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Alice allowed answer appear army Arthur asked beautiful believe better called cause church close course doubt English expression eyes face fact feeling force Frere friends Gertrude give given hand head heard heart hope increase interest Italy James keep Kenneth kind knew Lady land least leave less light live look matter means ment Militia mind Miss morning mother nature never night officers once passed perhaps person poet poor possible present question reason regiment respect round seems seen side Silcote Sir Douglas soldiers speak Squire stand suppose talk tell thing thought tion told true turned Volunteers whole wish wonder young
Page 43 - Fresh as the first beam glittering on a sail, That brings our friends up from the underworld, Sad as the last which reddens over one That sinks with all we love below the verge; So sad, so fresh, the days that are no more.
Page 67 - The dripping sailor on the reeling mast Exults to bear, and scorns to wish it past. Where lies the land to which the ship would go ? Far, far ahead, is all her seamen know.
Page 139 - The body of my brother's son Stood by me, knee to knee: The body and I pulled at one rope But he said nought to me. "I fear thee, ancient Mariner!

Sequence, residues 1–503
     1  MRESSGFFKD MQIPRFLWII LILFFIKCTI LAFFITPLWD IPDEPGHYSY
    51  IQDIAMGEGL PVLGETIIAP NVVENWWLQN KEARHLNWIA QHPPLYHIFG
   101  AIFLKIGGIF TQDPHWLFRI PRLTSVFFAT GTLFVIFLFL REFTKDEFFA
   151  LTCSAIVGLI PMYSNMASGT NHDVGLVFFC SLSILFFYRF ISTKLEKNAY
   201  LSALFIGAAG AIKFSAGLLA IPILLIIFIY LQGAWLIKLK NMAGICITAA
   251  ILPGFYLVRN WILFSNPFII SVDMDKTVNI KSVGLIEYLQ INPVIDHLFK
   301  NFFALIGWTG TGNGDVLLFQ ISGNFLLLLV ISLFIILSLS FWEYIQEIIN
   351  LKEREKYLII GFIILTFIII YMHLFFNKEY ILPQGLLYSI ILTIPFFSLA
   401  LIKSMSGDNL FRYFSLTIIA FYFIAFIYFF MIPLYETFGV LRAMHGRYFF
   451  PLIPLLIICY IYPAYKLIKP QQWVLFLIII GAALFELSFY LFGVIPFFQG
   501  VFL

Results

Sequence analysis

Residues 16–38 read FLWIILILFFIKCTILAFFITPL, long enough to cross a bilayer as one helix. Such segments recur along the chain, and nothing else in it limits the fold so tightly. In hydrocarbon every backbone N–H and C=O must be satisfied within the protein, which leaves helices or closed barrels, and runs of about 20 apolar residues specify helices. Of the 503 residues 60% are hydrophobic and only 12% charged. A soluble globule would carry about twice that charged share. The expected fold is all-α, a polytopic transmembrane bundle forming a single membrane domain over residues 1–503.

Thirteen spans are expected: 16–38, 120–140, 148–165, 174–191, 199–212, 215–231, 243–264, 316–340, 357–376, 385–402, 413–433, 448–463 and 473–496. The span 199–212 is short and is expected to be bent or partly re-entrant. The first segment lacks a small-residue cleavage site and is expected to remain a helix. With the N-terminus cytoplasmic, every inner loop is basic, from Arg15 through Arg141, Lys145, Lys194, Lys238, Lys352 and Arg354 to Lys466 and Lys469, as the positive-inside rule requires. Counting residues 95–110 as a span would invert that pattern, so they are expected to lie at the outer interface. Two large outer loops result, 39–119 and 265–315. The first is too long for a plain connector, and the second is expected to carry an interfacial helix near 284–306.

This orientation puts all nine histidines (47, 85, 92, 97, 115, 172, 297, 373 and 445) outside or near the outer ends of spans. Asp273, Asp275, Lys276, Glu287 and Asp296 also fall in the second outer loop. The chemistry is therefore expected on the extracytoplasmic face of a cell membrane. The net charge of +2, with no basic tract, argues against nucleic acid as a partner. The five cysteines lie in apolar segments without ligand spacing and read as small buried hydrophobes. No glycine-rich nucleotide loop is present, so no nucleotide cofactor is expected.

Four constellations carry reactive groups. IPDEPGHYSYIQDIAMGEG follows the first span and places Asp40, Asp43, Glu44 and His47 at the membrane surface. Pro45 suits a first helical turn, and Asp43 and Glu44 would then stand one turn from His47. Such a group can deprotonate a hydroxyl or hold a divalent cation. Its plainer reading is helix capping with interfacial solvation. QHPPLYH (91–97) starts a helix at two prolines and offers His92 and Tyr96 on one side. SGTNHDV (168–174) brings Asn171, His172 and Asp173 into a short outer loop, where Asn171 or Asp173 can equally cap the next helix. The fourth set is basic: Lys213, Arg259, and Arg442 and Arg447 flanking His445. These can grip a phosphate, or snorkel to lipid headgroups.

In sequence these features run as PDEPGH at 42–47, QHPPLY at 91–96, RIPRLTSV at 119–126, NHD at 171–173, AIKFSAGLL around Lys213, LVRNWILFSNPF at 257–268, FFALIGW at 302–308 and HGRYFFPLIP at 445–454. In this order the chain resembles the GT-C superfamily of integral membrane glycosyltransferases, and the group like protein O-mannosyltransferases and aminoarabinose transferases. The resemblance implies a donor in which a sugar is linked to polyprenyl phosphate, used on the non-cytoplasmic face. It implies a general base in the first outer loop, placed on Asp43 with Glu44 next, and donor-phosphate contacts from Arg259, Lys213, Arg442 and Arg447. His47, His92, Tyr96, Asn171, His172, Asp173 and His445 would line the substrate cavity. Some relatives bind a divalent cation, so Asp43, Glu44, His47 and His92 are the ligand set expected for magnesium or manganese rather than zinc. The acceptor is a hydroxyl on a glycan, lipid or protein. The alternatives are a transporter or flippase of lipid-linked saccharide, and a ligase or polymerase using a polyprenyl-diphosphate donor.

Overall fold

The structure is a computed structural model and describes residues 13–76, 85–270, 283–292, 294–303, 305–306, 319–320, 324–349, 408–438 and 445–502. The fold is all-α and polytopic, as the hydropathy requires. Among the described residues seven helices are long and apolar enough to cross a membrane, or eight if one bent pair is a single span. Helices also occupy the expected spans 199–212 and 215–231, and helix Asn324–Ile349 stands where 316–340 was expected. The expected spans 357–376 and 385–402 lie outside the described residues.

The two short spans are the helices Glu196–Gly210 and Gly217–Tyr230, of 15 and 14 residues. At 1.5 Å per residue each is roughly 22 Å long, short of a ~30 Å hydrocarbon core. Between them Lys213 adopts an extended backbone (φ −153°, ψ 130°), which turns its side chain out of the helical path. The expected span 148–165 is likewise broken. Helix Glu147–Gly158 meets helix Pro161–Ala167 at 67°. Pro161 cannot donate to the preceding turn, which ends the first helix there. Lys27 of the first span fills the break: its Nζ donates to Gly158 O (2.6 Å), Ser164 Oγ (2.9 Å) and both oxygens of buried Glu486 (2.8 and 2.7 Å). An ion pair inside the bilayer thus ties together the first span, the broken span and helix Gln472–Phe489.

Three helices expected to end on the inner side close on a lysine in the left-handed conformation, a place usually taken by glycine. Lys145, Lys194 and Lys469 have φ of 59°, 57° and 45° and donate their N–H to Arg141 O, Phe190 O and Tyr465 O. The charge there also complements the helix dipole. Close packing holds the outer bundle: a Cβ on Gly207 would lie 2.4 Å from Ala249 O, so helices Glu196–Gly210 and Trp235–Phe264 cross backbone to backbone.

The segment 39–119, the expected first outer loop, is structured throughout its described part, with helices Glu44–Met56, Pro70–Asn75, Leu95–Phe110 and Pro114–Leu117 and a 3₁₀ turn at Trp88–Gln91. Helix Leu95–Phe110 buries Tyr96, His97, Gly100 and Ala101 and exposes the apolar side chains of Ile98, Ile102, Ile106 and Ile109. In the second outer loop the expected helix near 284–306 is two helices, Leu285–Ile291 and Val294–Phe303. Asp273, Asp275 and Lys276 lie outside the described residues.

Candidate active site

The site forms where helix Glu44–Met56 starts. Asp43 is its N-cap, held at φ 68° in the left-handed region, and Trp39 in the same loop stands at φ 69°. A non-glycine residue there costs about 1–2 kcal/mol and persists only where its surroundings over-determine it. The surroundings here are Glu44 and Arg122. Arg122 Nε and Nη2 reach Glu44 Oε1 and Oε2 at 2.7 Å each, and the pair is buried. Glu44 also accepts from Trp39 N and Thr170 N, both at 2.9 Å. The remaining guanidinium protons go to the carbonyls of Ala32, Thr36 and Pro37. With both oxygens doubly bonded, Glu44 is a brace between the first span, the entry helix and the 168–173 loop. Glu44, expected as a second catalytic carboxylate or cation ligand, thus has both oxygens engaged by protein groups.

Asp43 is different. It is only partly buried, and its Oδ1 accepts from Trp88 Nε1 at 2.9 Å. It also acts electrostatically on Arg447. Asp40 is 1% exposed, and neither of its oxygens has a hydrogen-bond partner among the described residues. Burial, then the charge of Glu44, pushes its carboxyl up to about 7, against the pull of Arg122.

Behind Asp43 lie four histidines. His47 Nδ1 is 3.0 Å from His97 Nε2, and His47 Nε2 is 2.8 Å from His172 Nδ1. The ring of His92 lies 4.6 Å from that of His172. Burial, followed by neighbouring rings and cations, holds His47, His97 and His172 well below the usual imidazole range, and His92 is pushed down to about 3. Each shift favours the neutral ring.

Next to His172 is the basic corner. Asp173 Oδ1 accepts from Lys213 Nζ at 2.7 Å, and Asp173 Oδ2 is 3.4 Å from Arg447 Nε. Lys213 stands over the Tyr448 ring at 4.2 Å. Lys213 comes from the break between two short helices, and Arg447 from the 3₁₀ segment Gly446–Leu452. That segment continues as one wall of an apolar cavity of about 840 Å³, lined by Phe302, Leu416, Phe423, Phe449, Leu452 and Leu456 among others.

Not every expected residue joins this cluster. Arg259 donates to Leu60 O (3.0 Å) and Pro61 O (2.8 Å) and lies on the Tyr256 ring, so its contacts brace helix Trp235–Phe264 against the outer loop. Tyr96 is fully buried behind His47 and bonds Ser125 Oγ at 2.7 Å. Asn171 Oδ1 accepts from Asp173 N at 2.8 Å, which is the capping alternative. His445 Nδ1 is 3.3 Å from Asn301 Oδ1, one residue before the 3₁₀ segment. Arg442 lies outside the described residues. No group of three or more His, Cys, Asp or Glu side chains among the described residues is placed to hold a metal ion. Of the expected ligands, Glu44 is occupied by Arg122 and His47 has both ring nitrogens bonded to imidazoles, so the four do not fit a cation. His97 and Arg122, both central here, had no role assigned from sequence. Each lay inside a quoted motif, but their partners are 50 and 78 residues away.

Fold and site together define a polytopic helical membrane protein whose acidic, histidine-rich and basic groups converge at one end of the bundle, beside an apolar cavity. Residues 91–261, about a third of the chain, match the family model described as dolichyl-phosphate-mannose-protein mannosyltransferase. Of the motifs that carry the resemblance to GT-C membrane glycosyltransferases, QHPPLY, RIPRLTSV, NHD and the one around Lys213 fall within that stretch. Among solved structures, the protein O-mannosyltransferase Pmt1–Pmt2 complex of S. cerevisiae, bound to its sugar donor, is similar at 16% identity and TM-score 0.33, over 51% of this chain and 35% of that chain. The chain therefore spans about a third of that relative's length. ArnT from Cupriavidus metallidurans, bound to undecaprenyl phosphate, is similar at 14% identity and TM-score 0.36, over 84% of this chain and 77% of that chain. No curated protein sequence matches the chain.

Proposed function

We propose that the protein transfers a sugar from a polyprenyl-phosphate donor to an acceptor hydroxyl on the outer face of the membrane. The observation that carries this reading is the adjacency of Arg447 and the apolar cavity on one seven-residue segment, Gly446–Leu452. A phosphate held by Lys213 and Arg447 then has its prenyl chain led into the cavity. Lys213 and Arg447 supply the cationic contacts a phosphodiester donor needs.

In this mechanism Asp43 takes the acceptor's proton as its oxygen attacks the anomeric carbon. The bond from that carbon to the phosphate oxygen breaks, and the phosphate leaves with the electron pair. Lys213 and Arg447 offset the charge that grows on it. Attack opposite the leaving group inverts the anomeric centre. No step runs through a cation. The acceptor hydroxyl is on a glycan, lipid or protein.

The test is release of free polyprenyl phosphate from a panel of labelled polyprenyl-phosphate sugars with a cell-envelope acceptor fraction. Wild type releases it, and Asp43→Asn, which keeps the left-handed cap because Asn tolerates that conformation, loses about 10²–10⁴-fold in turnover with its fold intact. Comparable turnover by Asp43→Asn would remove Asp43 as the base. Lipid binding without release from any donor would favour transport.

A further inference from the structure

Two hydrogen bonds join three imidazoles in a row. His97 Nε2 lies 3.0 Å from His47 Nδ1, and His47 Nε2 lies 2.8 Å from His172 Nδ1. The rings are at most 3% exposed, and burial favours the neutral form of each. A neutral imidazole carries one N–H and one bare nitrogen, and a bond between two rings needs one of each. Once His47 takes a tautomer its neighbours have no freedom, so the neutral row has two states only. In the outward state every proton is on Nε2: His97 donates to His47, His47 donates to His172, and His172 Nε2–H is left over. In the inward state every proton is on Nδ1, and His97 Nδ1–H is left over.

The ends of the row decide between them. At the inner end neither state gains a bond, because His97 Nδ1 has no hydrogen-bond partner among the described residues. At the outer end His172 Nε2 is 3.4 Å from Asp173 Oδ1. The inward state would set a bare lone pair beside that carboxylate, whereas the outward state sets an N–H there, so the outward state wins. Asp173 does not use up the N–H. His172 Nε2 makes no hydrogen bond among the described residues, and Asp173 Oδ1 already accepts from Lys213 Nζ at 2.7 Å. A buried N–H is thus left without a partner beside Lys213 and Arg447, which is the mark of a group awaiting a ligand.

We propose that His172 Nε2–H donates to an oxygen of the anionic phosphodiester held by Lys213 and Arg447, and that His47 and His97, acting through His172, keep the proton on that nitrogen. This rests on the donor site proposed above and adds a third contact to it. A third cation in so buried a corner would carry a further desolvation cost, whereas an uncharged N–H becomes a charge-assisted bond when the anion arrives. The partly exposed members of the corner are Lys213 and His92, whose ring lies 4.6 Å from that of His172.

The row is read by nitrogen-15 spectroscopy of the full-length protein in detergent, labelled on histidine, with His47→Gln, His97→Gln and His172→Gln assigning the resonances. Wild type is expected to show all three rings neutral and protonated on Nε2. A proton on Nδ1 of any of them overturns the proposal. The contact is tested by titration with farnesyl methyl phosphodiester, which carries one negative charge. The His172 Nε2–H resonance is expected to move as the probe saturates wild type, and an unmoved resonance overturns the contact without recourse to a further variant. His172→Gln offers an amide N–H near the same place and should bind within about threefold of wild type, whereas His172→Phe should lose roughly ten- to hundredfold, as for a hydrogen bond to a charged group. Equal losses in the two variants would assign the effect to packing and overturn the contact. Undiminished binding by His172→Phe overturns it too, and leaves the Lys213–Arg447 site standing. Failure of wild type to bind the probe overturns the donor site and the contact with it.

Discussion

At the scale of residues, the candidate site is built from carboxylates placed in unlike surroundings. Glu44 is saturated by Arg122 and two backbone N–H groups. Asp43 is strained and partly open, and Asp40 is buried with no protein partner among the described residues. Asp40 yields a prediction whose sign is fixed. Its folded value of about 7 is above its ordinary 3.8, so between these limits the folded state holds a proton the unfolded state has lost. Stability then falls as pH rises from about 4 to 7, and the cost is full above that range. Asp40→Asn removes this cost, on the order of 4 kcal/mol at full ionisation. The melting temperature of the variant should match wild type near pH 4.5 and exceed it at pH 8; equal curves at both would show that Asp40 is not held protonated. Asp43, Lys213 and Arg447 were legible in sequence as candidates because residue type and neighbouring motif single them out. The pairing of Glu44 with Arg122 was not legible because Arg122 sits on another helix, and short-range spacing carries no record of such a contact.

Page 68 - Linked arm in arm, how pleasant here to pace; Or, o'er the stern reclining, watch below The foaming wake far widening as we go. On stormy nights when wild north-westers rave, How proud a thing to fight with wind and wave!
Page 70 - Ashes to ashes, dust to dust; As of the unjust, also of the just — Yea, of that Just One too. This is the one sad Gospel that is true, Christ is not risen.
Page 313 - He hath not beheld iniquity in Jacob, neither hath he seen perverseness in Israel : the Lord his God is with him, and the shout of a king is among them.
Page 44 - Happy the man - and happy he alone He who can call today his own, He who, secure within, can say 'Tomorrow, do thy worst, for I have lived today: Be fair or foul or rain or shine, The joys I have possessed in spite of Fate are mine: Not Heaven itself upon the Past has power, But what has been has been, and I have had my hour.
Page 72 - There is no God,' the wicked saith, ' And truly it's a blessing, For what He might have done with us It's better only guessing.' ' There is no God,' a youngster thinks, ' Or really, if there may be, He surely didn't mean a man Always to be a baby.'
Page 279 - I may have said things which a profound observer of national character would hesitate to sanction, though never any, I verily believe, that had not more or less of truth. If they be true, there is no reason in the world why they should not be said. Not an Englishman of them all ever spared America for courtesy's sake or kindness...